New video game aims to educate people about the Holocaust

The video game was created as a way to be used as an educational tool to teach people about the genocide of European Jews by the Nazis in the 1940s.

  (photo credit: UNSPLASH)
(photo credit: UNSPLASH)

A British game developer created a new video game hoping to keep the Holocaust memory alive, as many other video games based on World War II very rarely do.

The 36-year-old creator of the video game "The Light in the Darkness," Luc Bernard, has created the project as a way to be used as an educational tool to teach people about the genocide of European Jews by the Nazis in the 1940s. 

"Young people play games about the Second World War, like Call of Duty, where it is almost never mentioned," Bernard told Agence-France Presse. "It's a bit like denying that it ever existed."

Bernard was inspired by his late grandmother who took part in the Kindertransport scheme, helping bring over 10,000 Jewish children to the UK from Europe before the war broke out.

The player of the game follows the storyline of a European Jewish family who was originally from Poland and living under the Vichy Regime ruling in France, according to FranceInter. The player witnesses husband and wife, Moise and Bluma, and their son Samuel get rounded up in what is known as the Vel d'Hiv Roundup, then transferred to the Pithiviers camp and then deported to the Auschwitz Concentration Camp.

Bernard told the Jewish Chronicle that the game allows the player to interact and make some choices but the story itself won't change the fate of the family.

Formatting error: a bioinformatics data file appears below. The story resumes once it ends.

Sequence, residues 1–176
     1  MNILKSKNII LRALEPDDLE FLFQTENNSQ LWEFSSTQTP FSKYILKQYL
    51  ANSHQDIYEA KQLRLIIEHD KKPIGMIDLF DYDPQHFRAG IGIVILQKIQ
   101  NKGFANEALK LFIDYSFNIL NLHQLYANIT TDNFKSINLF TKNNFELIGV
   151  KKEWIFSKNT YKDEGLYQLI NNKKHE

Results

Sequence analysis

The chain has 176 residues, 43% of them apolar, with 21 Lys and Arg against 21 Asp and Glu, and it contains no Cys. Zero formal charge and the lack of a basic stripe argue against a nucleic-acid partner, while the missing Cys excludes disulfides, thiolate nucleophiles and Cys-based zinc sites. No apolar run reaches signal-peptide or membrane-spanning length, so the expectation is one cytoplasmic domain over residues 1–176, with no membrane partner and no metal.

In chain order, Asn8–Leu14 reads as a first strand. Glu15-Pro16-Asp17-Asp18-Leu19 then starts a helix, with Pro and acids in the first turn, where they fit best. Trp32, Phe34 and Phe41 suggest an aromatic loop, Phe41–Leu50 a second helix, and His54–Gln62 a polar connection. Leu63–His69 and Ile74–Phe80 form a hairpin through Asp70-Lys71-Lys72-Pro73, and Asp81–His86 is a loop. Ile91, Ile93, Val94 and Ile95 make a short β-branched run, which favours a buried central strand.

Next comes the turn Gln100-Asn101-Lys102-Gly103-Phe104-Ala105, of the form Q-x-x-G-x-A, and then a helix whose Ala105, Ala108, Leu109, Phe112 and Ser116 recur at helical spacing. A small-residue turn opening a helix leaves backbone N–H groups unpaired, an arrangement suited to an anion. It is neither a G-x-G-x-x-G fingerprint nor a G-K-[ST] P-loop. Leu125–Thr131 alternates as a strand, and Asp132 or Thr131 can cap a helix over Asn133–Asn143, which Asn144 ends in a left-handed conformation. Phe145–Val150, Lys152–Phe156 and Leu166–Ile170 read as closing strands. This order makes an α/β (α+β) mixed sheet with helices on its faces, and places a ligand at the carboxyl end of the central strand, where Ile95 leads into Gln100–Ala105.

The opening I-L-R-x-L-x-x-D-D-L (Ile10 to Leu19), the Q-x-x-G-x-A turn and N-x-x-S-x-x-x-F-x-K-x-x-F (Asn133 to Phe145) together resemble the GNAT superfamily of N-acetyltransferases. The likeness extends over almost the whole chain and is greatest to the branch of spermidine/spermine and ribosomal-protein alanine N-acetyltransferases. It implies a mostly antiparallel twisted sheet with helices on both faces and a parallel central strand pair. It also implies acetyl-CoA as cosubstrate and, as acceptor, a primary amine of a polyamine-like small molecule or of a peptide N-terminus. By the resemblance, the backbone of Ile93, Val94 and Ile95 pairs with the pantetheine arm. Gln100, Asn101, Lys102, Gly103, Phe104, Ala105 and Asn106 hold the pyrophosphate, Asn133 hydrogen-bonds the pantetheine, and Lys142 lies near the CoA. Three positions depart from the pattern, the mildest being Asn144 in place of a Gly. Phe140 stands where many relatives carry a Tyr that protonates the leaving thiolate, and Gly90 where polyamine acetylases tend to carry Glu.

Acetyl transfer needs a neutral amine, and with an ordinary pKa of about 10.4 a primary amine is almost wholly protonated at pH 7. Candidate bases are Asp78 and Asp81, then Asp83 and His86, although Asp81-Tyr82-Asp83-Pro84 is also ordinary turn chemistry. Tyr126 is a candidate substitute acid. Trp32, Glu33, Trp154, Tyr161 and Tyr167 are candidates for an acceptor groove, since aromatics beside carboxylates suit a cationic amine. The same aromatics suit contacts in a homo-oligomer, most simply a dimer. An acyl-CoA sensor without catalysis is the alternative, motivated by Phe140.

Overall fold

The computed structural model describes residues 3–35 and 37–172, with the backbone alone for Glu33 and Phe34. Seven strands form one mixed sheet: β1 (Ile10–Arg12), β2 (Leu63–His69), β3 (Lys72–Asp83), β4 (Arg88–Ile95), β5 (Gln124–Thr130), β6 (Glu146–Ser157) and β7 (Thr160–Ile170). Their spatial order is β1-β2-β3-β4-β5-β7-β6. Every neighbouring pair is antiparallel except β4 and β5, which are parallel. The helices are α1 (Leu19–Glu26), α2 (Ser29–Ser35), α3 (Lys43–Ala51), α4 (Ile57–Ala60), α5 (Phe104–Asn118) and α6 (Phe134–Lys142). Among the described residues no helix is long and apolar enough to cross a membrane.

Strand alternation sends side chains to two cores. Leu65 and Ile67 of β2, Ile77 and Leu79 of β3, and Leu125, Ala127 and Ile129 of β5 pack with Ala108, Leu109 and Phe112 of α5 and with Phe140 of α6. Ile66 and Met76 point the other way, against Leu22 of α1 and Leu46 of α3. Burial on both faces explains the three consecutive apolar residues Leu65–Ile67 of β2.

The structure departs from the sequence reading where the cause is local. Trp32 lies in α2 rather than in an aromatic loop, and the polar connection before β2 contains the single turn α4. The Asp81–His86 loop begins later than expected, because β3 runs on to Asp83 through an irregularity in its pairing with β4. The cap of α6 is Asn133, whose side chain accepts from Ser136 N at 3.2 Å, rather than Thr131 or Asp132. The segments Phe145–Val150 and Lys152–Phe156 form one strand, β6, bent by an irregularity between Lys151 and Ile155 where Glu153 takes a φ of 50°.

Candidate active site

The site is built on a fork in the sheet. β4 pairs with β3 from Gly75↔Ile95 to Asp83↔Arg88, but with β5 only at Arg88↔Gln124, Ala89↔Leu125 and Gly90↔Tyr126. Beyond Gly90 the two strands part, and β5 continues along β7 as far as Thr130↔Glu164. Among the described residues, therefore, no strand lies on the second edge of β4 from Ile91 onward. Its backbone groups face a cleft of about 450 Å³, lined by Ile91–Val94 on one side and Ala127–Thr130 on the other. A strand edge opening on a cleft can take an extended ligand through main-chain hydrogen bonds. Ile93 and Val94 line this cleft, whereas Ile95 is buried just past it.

"I couldn't make a game where you win at the end," he told the Jewish Chronicle. "That wasn't the Shoah, there was no choice."

"During the scene of the roundup, you have to go to the police station, which gives you a list of things to collect, you go back home and take them," Bernard explains how the interactions between the player and the game work.

Perfection on information

Bernard spent a year collecting information for the video game by interviewing Holocaust survivors and looking at archives from the American Holocaust Memorial Museum in Washington DC and the Holocaust Museum in Los Angeles. "Everything absolutely has to be exact, even if it's an artistic project," he explained to FranceInter. "We checked everything once, twice, three times. That's why it was very hard."

Bernard also explains that his video game is not only intended for European or American audiences but rather for African and Asian audiences. In Egypt "90% of young people play video games and the Holocaust isn't taught there."

He also noted that even in the United States, not very many people know what happened in France during World War II. "In the United States, very few people know what happened in France. They think that Germany did everything alone," he told FranceInter.